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The widespread market entry of electric mobility will create new sources of waste like the batteries

With the spread of electric mobility, the German car industry and the energy sector are facing one of the most significant upheavals of our time. In order to encourage the use of electric vehicles, the German government is currently developing a masterplan for an extensive charging infrastructure, so that nationwide ‒ even in remote communities – it will be possible to charge a car battery.

The fuel of the future will therefore no longer be petrol in the tank, but electricity stored in a lithium-ion battery permanently fixed in the car. But batteries age with time and with the number of times they are charged. And the European market alone would require twice as many battery cells in future as are currently available on the world market. This also raises the question of where we can dispose of used battery cells, which already require enormous amounts of energy to produce.

On the other hand, great potential is seen in the use of batteries as large-scale energy storage tanks. Several thousand batteries combined can supply the electricity market with control energy and serve as a buffer for peak loads and excess electricity from renewable energy sources. A German industrial consortium of medium-sized companies and technical universities is currently working on this in order to battery storage give a ‘second life’. From 2019-2021, the EffSkalBatt project is developing an efficient and scalable technical system for stationary battery storage.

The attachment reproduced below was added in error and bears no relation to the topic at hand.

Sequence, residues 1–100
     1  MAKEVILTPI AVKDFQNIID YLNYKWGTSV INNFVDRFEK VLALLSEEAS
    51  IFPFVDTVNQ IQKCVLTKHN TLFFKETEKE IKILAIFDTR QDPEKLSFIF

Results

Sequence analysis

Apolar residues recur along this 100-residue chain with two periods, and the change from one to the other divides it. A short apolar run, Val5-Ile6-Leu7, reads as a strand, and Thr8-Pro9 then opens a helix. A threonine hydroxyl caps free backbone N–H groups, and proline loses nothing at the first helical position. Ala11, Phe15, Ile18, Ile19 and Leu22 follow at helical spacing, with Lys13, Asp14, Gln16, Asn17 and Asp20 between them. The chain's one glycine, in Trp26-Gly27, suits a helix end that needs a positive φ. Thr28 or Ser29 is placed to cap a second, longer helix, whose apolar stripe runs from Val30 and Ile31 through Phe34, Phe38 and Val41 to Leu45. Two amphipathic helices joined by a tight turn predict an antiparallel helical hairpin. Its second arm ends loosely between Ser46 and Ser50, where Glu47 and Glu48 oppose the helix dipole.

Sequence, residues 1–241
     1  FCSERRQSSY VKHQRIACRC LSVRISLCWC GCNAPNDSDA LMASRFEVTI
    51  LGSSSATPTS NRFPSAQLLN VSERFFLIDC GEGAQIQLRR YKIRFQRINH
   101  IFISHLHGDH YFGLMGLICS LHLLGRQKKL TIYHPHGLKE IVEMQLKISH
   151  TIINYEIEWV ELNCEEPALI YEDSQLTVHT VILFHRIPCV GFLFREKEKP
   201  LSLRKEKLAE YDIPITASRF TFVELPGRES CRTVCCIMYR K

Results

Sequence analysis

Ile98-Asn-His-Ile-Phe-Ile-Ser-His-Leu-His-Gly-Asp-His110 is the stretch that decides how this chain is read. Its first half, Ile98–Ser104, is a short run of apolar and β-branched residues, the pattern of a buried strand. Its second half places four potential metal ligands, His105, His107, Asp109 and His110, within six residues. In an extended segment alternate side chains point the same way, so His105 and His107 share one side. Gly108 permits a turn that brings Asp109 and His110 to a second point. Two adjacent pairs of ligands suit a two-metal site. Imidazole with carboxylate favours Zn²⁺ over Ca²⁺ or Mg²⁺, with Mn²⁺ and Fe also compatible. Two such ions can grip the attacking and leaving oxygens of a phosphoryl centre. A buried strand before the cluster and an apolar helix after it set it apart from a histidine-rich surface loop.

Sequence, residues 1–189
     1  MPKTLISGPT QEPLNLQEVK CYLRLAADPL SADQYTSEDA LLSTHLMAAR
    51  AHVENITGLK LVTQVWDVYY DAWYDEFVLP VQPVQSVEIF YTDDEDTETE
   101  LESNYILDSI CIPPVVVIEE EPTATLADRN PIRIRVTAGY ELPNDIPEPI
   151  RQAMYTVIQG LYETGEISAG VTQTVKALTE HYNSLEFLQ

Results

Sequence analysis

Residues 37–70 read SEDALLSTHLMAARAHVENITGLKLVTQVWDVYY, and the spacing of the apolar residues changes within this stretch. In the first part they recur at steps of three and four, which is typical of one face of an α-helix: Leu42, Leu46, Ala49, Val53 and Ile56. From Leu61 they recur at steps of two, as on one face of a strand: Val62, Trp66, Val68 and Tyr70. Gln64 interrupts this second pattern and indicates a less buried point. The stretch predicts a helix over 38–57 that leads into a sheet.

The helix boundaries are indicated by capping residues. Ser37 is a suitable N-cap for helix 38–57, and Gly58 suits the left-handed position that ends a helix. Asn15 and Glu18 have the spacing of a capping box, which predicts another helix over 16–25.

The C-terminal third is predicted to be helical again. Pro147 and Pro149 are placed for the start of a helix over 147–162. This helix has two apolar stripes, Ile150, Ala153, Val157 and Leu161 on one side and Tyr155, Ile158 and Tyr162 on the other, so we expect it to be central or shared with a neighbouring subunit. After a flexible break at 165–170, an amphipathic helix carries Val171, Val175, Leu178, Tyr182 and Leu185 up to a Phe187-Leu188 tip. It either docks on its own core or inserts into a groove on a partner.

In order to extend the life of the batteries, the different systems made by the vehicle manufacturers must be made compatible with one another. A further point is that the variety of batteries that will be available in future cannot be predicted.

Different settings and cell types are combined to improve performance and electronic systems. First, the power electronics required for connecting the batteries to the grid must be developed and tested in a subproject. The grid connection will be analysed and optimised in simulations. A benchmark still to be developed should make the various concepts in the system for the operation of the storage systems comparable and assessable. Finally, a comprehensive assessment will analyse the battery storage system and further optimise it.

The Federal Ministry for Economic Affairs and Energy is providing more than €1.3 million in funding for this groundbreaking research.